Oct. 23--A Desert Storm veteran diagnosed with post traumatic stress disorder entered a guilty plea to first-degree arson Tuesday, but then had his plea rejected by District Judge Mary Ann Brown when he told her he was not guilty of the crime.
"I just want this over with," David A. Good, 46, of Burlington, told Brown during a special plea hearing Tuesday in Des Moines County District Court.
After questioning Good for several minutes about his decision to plead guilty to arson, Brown was about to sentence him to a mandatory prison term not to exceed 25 years. However, as the facts against Good were being read into the court record, he abruptly interrupted Brown, by telling her he didn't set the house on fire.
"I didn't do it," he said. "I was at Crapo Park, and when I came home the back of my house was on fire. I didn't do it ... I'm not guilty."
When Brown asked him why he was pleading guilty to the charges if he was not guilty, he responded: "Because I just want to get this over with today."
Brown, however, told Good, his attorney, Trent Henkelvig, and Des Moines County prosecutor Lisa Schaefer she could not accept Good's plea based on what he had just told her.
"I can't let you do this," she told Good. "If you didn't commit the crime, you shouldn't be going to prison for 25 years. If you weren't involved, you shouldn't plead guilty."
Throughout the 30-minute hearing, Brown was not informed of Good's diagnosis of PTSD. The diagnosis was contained in another case file involving Good on a unrelated charge of domestic abuse. Brown, Henkelvig and Schaefer were not involved in that case.
After rejecting Good's plea, Brown told him she would set the arson charge for jury trial beginning at 9 a.m. Nov. 3. She ordered him returned to the Des Moines County jail, where he is being held in lieu of a $25,000 cash only bond.
Good was arrested in December for setting fire to a residence at 1806 Madison Ave., where his estranged wife and her son lived.
Burlington Fire Marshal Mark Crooks said Nina Good and her son, Adam Messer, escaped the house fire without injury, but a firefighter was taken to Great River Medical Center in West Burlington and treated for minor injuries.
Tuesday's hearing was the latest in an ongoing drama that began when Good was charged with arson in December. Over the ensuing months, he fired his attorney, James Beres, because he didn't think he was being represented properly.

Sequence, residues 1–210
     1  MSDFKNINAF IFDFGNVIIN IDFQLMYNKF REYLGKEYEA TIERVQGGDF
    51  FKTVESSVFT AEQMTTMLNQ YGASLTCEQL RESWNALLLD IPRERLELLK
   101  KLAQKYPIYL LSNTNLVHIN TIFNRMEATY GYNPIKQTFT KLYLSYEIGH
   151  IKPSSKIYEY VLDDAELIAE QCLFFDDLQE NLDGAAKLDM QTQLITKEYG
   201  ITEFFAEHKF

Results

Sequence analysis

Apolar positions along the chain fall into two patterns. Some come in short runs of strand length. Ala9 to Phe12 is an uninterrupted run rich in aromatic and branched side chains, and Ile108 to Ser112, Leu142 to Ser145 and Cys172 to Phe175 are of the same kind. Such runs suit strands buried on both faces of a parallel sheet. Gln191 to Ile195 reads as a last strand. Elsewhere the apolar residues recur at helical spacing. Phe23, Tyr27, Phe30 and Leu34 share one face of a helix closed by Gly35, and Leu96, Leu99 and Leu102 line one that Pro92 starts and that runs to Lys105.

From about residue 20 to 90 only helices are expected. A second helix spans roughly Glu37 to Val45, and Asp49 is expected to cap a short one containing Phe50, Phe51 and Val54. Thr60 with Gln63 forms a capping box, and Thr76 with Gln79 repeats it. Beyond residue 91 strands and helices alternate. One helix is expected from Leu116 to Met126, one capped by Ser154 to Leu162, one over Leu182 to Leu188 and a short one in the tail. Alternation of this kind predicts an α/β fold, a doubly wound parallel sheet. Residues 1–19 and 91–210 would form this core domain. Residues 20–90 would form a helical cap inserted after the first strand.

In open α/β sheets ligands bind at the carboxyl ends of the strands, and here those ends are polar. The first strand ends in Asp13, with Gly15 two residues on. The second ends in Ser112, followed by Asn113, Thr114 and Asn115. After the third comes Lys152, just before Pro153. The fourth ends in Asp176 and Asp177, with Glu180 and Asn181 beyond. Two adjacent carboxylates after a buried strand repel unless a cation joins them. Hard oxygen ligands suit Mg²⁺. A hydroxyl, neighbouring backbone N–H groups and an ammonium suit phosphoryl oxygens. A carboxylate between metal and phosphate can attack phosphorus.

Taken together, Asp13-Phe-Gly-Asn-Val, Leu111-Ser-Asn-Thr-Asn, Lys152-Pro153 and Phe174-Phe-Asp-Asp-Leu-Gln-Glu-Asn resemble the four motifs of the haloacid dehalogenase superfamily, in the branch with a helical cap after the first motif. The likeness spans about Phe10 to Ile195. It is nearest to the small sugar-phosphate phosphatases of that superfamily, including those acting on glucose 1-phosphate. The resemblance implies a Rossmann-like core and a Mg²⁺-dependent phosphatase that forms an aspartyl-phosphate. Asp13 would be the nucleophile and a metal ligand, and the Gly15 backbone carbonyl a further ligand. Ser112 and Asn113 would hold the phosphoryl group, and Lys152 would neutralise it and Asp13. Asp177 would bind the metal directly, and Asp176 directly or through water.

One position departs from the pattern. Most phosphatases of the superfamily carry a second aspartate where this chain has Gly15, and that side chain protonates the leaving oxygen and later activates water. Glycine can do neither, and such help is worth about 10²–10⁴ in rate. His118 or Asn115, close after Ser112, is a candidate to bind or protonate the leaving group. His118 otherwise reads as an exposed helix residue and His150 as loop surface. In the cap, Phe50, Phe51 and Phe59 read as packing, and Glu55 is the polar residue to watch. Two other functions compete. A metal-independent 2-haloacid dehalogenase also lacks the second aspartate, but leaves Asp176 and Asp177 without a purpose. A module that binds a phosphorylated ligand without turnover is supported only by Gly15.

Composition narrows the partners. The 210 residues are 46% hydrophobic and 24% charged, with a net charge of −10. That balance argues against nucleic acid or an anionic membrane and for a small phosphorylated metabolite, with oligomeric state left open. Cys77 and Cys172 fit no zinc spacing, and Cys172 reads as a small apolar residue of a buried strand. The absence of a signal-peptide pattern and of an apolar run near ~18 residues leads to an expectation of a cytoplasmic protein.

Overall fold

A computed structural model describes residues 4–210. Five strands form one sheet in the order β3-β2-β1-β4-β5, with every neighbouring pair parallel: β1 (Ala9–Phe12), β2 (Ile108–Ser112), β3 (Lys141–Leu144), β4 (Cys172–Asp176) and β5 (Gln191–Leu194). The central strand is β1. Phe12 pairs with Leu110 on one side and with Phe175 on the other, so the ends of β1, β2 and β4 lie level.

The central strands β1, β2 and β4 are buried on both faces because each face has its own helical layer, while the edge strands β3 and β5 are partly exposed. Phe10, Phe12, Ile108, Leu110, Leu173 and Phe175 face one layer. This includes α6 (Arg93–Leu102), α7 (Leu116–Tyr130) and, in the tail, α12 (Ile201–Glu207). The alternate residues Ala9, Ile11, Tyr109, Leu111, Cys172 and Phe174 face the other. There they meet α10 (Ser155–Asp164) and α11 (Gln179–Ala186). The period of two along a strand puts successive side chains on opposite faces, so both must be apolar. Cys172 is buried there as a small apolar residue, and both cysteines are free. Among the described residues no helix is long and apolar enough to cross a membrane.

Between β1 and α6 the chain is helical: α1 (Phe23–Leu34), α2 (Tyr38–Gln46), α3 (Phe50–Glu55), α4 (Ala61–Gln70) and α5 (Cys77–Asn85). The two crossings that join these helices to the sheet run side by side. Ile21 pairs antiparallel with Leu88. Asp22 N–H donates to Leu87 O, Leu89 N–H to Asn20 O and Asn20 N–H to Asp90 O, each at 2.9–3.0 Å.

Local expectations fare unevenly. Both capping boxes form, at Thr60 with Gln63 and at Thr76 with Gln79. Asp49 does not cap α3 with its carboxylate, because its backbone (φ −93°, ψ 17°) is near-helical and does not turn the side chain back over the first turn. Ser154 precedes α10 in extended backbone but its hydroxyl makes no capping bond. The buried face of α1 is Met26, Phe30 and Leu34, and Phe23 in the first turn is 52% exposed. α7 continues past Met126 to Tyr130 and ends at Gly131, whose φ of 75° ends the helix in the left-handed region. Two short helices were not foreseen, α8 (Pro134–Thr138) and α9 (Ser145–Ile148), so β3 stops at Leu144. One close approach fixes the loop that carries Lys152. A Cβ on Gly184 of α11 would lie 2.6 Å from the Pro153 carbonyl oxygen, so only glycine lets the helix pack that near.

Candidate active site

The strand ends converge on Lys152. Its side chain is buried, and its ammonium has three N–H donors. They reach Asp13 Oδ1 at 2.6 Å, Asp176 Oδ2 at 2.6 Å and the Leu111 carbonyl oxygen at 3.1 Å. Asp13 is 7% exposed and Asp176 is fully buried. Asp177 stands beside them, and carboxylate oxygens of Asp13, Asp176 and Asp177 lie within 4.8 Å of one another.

The court then appointed Henkelvig to represent him. After several discussions with prosecutors, it appeared Good was prepared to plead guilty Tuesday to arson and accept the 25-year prison sentence.
However, during Tuesday's hearing, it became apparent Good was having difficulty understanding exactly how long he would have to serve in prison before becoming eligible for parole.
"I can't tell you that," Brown said. "That will be up to the parole board. All I can do is sentence you to a prison term of up to 25 years."
Brown said she didn't have the authority to reduce his sentence or grant him probation because he was pleading guilty to a "forcible felony," which required jail time.
At one point, Brown asked Good if he was suffering any physical or emotional problems that would prevent him from understanding the proceedings against him.
"I have some brain trauma from a car accident six years ago," he said. However, he added it was no longer a problem for him and he was aware of the proceedings.
Henkelvig, his attorney, seemed to disagree with Good's statement concerning his mental health.
"I think he is underestimating his history of mental (problems)," he told Brown. "He has been tested and found to be competent. He knows what he is doing today."
However, Henkelvig did not mention to Brown that Good suffers from PTSD.
In the other criminal cases involving the same victims as those who were involved in the arson charges, lawyers representing Good filed court documents indicating he suffers from post traumatic stress disorder related to his military service.